ENCRYPTION SAVES

Monday, July 25th, 2011
Say hello to EFF's second, limited-edition, DEF CON membership t-shirt! Only 340 premium-level donors who attend this year's DEF CON 19 in Las Vegas will be able to get these new "ENCRYPTION SAVES" shirts, specially designed by Joe Alterio of the creative charity Robots & Monsters. The front is emblazoned with a mashup of the DEF CON and EFF logos in a subtle homage to our mutual support (as well as a shout-out to EFF's advocacy for remix culture and fair use). Under UV light, the orange, white and blue design on the shirt's back glows white with acid green bits of code. In complete darkness, a secret message is revealed, illuminating the plain text truth that strong encryption saves lives. Mouse over the image below to experience the glow-in-the-dark awesomeness.
If you can't make it to Vegas, take heart. We have lots of other great swag available when you join or renew online, including our Bit-Blaster Mecha t-shirt! Hope to see you in Vegas!

Widener Law Prof Fully Cleared of ‘Harassment’ and ‘Discrimination’ Charges for Using Hypothetical Scenarios

Monday, July 25th, 2011

A unanimous hearing panel at Widener University School of Law in Delaware has fully cleared Professor Lawrence Connell of charges of "harassment" and "discrimination" for his use of the term "black folks" in class and for using law school dean Linda L. Ammons, who is black, as a character in hypothetical scenarios during lectures. A faculty panel had recommended that Widener drop its attempts to dismiss the tenured professor, but administrators reportedly induced students to issue further complaints to keep the prosecution going. Represented by attorney Thomas S. Neuberger, Connell is suing Ammons and Widener for defamation.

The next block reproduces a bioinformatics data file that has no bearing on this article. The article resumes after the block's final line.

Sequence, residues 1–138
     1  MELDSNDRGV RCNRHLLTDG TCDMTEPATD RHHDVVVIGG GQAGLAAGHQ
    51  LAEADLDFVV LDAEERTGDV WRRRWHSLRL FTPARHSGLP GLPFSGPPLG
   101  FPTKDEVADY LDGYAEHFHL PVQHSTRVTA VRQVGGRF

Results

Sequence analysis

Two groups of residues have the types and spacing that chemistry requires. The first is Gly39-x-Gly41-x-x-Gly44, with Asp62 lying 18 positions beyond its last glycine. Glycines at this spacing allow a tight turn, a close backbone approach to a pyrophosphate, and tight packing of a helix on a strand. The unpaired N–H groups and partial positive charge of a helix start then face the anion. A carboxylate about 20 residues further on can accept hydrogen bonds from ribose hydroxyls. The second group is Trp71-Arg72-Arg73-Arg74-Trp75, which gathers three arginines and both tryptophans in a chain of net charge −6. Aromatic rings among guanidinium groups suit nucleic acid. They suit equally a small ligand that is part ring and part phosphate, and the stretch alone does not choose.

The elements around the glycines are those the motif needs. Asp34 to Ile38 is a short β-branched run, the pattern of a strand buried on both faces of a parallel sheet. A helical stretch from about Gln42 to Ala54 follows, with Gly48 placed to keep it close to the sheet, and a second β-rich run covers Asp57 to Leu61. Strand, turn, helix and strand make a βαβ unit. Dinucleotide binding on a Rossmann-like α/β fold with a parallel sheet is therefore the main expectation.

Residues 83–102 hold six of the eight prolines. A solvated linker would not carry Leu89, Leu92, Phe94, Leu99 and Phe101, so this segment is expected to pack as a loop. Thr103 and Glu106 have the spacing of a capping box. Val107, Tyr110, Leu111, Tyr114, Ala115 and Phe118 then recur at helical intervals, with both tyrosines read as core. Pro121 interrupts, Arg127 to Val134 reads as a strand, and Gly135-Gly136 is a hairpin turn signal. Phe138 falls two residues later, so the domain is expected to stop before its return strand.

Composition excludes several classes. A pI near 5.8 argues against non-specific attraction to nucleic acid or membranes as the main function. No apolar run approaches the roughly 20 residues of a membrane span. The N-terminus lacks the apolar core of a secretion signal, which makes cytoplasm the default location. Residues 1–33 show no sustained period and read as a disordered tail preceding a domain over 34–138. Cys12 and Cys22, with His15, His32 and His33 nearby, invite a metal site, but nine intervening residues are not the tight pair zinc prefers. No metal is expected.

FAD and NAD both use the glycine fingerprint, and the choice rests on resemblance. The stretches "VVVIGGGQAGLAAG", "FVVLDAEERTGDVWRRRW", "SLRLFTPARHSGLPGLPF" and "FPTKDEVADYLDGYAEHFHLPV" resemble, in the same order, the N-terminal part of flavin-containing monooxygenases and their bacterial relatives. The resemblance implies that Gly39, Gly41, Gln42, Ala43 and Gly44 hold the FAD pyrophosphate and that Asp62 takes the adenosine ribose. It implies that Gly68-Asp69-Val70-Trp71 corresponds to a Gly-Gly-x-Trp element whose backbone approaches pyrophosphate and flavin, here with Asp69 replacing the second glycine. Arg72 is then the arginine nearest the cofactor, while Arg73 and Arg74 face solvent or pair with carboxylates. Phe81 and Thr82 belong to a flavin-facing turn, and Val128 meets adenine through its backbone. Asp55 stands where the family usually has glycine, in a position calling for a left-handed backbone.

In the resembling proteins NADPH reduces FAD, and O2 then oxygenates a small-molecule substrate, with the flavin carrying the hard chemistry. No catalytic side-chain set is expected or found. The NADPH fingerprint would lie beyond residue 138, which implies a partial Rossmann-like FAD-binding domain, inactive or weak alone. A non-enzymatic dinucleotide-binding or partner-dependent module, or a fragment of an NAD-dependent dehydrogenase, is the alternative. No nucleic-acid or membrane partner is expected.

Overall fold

Connell's ordeal began on December 10, 2010, when Vice Dean J. Patrick Kelly presented him with a binder full of charges alleging violations of Widener's Faculty Member Discrimination and Harassment Code. Widener charged Connell with a long list of supposed violations, many of which were redundant. One of the most frivolous charges was that he was wrong to use the term "black folks" to describe African-Americans, which Widener apparently saw as necessarily racist despite the fact that the term is widely used by people including President Barack Obama. Other allegations involved Connell's use of hypothetical examples of violent crimes in his criminal ...